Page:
I no longer use exercise to punish my body; now I use it to accomplish my dreams.
The strange thing about my eating disorder is that it started when I wasn't trying to lose weight.
I went on a trip to Ecuador during my senior year of high school, and I was so focused on enjoying every moment of the adventure that I didn't even realize I'd lost 10 pounds in the month I was there. But when I got home, everyone else noticed and the compliments started pouring in. I'd always been athletic and never considered myself "fat," but now that everyone was telling me how great I looked, I decided that I had to maintain my new thinner look at all costs. This mentality morphed into an obsession with dieting and exercise, and I quickly dropped down to just 98 pounds.
After graduation, I spent a semester abroad studying in London before I began college in Upstate New York. I was excited about the freedom that living alone entailed, but my depression—which I had been struggling with for the past year—was getting worse by the day. Limiting what I ate was one of the only things I felt I could control, but the less I ate, the less energy I had, and it got to the point where I quit working out altogether. I remember thinking that I should be having the time of my life—so, why was I so miserable? By October I broke down to my parents and finally admitted that I needed help, after which I began therapy and started taking an antidepressant.
Back in the US, the meds started improving my mood, and that combined with all the drinking and junk food I was eating (hey, it was college, after all), made the weight I lost start to pile back on. I joke that instead of gaining the "freshman 15" I gained the "depression 40." At that point, gaining 40 pounds was actually a healthy thing for my frail frame, but, I panicked—my eating-disordered mind was unable to accept what I saw in the mirror.
And that's when the bulimia started. Several times a week, throughout the rest of my college career, I'd eat and eat and eat, and then make myself throw up and work out for hours at a time. I knew it had gotten out of control, but I just didn't know how to stop.
After graduation, I moved to New York City and kept up with my unhealthy cycle. On the outside I looked stereotypically healthy; going to the gym four to five times a week and eating low-calorie foods. But at home, I was still bingeing and purging.
Things started to make a change for the better when, in 2013, I made a New Year's resolution to try one new workout class a week. Until then, all I ever did was hop on the elliptical, sweating joylessly until I reached a certain calorie burn. That one little goal ended up changing my entire life. I started with a class called BodyPump and fell in love with strength training. I was no longer exercising to punish myself or to just burn calories. I was doing it to get strong, and I loved that feeling. Next up, I tried Zumba. The women in that class were so feisty—so proud of their bodies! As I became close friends with some of them, I began to wonder what they would think of me hunched over the toilet. I drastically cut back on bingeing and purging.
The final nail in the coffin of my eating disorders was signing up to run a race. I quickly realized that if I wanted to train hard and run fast, I had to eat properly. You can't starve yourself and be a great runner. For the first time, I began to see food as fuel for my body, not as a way to reward or punish myself. Even when I went through a heartbreaking breakup, I channeled my feelings into running instead of food.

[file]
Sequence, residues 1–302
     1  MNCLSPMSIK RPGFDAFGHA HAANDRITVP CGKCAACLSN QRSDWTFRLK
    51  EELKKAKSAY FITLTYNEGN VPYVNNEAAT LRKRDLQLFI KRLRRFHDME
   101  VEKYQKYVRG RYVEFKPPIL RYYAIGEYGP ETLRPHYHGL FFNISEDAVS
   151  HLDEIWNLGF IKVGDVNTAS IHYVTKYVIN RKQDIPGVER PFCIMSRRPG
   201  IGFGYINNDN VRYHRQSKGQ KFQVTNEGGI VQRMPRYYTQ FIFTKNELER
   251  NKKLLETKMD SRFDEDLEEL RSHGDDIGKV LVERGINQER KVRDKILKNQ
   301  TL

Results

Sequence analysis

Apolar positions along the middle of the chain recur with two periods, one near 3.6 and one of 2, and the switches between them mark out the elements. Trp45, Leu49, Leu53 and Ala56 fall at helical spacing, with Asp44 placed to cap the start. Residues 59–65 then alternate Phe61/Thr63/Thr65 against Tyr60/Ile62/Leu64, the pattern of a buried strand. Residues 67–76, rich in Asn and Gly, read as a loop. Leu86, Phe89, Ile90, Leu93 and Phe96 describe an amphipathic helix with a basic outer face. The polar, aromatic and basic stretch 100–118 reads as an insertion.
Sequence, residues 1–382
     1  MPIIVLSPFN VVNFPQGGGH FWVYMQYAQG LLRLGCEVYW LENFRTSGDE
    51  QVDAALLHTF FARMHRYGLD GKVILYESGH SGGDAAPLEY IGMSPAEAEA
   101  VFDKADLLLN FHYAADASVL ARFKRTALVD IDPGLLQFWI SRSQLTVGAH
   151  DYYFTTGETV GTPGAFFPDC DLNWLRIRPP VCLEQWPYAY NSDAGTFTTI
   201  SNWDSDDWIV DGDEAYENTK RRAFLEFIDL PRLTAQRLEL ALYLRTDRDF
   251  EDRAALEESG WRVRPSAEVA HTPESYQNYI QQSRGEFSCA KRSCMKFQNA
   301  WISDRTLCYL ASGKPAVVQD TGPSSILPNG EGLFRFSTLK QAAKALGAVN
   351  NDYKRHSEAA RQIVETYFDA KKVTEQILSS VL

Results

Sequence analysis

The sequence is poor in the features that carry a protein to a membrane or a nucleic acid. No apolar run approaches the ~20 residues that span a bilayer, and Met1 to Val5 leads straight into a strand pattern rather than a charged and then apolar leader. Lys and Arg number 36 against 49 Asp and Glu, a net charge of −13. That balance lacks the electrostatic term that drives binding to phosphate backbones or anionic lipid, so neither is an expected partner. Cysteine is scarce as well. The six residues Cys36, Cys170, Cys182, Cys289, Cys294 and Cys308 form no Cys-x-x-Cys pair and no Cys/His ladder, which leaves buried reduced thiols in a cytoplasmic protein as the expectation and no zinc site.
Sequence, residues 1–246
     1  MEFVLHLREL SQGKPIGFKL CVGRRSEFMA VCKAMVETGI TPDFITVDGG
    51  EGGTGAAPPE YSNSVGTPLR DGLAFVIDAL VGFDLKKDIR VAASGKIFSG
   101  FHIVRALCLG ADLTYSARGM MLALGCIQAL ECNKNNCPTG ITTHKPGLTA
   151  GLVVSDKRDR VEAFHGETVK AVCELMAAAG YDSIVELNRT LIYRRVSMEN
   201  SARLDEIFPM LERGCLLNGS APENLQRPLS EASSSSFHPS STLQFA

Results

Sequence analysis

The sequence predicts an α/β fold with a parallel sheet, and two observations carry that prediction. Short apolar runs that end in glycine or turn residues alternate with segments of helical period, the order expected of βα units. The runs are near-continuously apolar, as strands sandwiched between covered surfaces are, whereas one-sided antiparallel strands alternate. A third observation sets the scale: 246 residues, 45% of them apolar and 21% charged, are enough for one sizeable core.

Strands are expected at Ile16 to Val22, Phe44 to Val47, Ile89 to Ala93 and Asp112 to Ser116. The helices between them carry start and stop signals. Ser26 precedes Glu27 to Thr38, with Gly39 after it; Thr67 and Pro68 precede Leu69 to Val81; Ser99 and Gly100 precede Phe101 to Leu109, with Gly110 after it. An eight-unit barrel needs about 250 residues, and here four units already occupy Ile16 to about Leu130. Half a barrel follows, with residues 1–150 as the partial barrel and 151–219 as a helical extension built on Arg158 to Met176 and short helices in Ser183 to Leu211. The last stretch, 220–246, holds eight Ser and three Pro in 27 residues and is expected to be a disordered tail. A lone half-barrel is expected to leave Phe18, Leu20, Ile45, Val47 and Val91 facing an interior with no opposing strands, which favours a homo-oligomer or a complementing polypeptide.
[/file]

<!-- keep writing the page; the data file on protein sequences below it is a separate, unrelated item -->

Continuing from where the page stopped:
Eventually, I joined a running group, and in 2015 I completed the New York City Marathon to raise money for Team for Kids, a charity that donates money to New York Road Runners Youth Programs. Having a supportive community behind me was so important. It was the most amazing thing I've ever done, and I felt so empowered crossing that finish line. Training for the race made me realize that running gives me a sense of control over my body—similiar to how I felt about my eating disorders but in a much healthier way. It also made me realize how amazing my body is and that I wanted to protect it and nourish it with good food.
I had my heart set on doing it again, so last year I spent a lot of time running the nine races required to qualify for the 2017 New York Marathon. One of those was the SHAPE Women's Half Marathon, which really took the positivity I associated with running to the next level. It's an all-women race, and I loved being surrounded by such positive female energy. I remember it being such a gorgeous spring day, and I was thrilled to run a race with so much lady power! There's something so empowering about watching women cheer each other on—women representing every body type you can imagine, showing their strength and accomplishing their goals. (Interested in running the race too? You can register here.)
I realize that my story might sound a little unusual. Some women with eating disorders might use running as another way to burn extra calories or punish themselves for eating—I was guilty of that back when I was slaving away on the elliptical. But for me, running has taught me to appreciate my body for what it can do, not just for the way it looks. Running has taught me the importance of being strong and of taking care of myself so I can continue to do what I love. I'd be lying if I said I didn't care about my appearance, but I no longer count calories or pounds as a measure of success. Now I count miles, PRs, and medals.
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